While we know that all elephants are herbivores, the specifics of their dietary preferences have always remained a mystery. Now, in a study published in the journal Royal Society Open Science, an international team of researchers employed innovative techniques to unravel the dietary habits of two elephant groups in Kenya. Their findings not only shed light on the individual eating habits of the creatures but also contribute to conservation strategies aimed at ensuring their well-being and sustained growth.
Lead study author Tyler Kartzinel, an assistant professor at Brown University, emphasized the importance of understanding the dietary needs of animals for successful conservation efforts.
The study tells us about the variety of food species individual elephants eat over a day, a season, and more extended periods,” Kartzinel told ZME Science. “We already knew elephants eat an incredible diversity of plants to support their bulk, but we didn’t know how often members of a group that forage together make different selections from the same available options.”
“We also already knew that elephants have foraging strategies that can be sensitive to the seasons, often switching from eating fresh grasses after it rains to trees when it’s dry, but it was often challenging to accurately identify which species or variety of species they were selecting from each of those very broad categories of plants. The major advance is the opportunity to understand not just what elephants are doing in aggregate as a population, but how much each animal acts individualistically versus in concert with its group.”
Barcoding for DNA
The researchers utilized a cutting-edge genetic technique called DNA metabarcoding, a tool developed to analyze the DNA fragments of plant material eaten by studying fecal samples. By matching these fragments to a library of plant DNA barcodes, they could identify the specific types of plants consumed by each elephant. This study marks the first successful application of DNA metabarcoding to address long-standing questions about the social foraging ecology of animals.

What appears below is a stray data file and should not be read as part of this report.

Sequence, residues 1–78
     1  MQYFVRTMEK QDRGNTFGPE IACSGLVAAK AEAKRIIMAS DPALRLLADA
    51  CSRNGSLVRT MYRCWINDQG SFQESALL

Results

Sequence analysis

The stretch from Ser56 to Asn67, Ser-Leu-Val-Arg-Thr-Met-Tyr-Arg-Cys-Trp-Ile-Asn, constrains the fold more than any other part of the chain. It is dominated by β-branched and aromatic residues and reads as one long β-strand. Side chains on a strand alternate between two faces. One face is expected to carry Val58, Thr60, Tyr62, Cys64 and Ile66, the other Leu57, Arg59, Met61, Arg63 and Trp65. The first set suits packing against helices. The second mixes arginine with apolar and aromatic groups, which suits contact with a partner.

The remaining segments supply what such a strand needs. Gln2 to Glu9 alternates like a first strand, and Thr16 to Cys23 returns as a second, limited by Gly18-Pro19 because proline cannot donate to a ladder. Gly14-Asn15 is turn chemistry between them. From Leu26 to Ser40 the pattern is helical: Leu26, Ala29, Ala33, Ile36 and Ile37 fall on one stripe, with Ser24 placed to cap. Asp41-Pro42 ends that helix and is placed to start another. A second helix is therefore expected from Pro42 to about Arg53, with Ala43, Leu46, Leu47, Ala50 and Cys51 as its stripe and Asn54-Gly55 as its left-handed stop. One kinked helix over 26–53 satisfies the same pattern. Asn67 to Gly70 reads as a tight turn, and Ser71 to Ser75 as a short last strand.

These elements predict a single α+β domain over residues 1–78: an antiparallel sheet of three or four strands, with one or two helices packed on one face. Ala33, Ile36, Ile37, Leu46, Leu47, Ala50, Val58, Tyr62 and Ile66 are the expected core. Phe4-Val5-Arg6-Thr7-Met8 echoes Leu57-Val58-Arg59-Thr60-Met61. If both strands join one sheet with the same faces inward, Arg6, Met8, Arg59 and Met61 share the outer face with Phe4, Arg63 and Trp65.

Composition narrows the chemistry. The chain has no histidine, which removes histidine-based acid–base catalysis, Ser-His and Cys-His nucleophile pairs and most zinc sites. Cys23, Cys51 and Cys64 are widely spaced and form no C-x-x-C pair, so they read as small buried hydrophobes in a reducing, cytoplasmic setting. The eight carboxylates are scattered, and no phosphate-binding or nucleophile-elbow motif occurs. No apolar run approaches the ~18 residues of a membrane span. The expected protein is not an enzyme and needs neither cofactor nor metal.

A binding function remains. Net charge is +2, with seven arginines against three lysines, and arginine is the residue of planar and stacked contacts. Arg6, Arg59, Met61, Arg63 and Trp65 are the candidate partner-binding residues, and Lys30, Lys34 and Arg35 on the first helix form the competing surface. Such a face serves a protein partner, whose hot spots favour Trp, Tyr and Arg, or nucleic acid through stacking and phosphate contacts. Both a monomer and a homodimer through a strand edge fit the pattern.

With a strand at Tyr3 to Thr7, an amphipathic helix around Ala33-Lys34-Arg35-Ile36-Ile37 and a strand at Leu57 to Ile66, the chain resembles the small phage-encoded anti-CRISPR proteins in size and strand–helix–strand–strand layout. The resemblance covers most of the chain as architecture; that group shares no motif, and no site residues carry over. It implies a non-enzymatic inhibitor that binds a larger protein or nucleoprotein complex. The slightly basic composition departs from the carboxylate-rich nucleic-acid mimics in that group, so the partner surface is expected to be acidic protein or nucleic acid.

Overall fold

“There are many useful and complementary approaches for analyzing animal diets, but dietary DNA metabarcoding is becoming the gold standard method for identifying foods from animal diets because it enables us to characterize the diets of many animals efficiently, precisely, and accurately,” Kartzinel said.
The team compared the new genetic technique with stable isotope analysis, a method involving the chemical analysis of animal hair. While stable isotope analysis had previously revealed broad dietary patterns, it could not discern the specific plants in the elephants’ diets.
By combining DNA metabarcoding with stable isotope analysis, GPS tracking and remote-sensing data, the researchers examined dietary variations among individual elephants within two groups. Surprisingly, they discovered that the dietary differences among individuals were often far greater than previously assumed, even among closely related family members.
The study’s findings shed light on how social bonds keep elephant family groups together in a world of limited resources. Although elephants share the same environment and seemingly eat the same plants, their preferences and physiological needs cause them to vary their diets. This variety ensures enough plants to go around, preventing competition among the group.
The implications of this study extend beyond the realm of ecological curiosity. Conservation biologists can leverage these insights to create environments that support successful reproduction and population growth for elephants and other wildlife species. Providing a diverse range of plant resources not only meets the dietary requirements of these animals but also reduces the likelihood of inter-species competition and the consumption of human food sources, such as crops.
“People are often surprised by how hard it can be to accurately characterize animal diets, which is why we can still learn so much about the lives of such well-loved species as elephants,” Kartzinel said.
“When the method is combined with complementary data on what animals are doing in their environment, better knowledge of how they get their nutrition could revolutionize our ability to understand and conserve the species we care so much about.”
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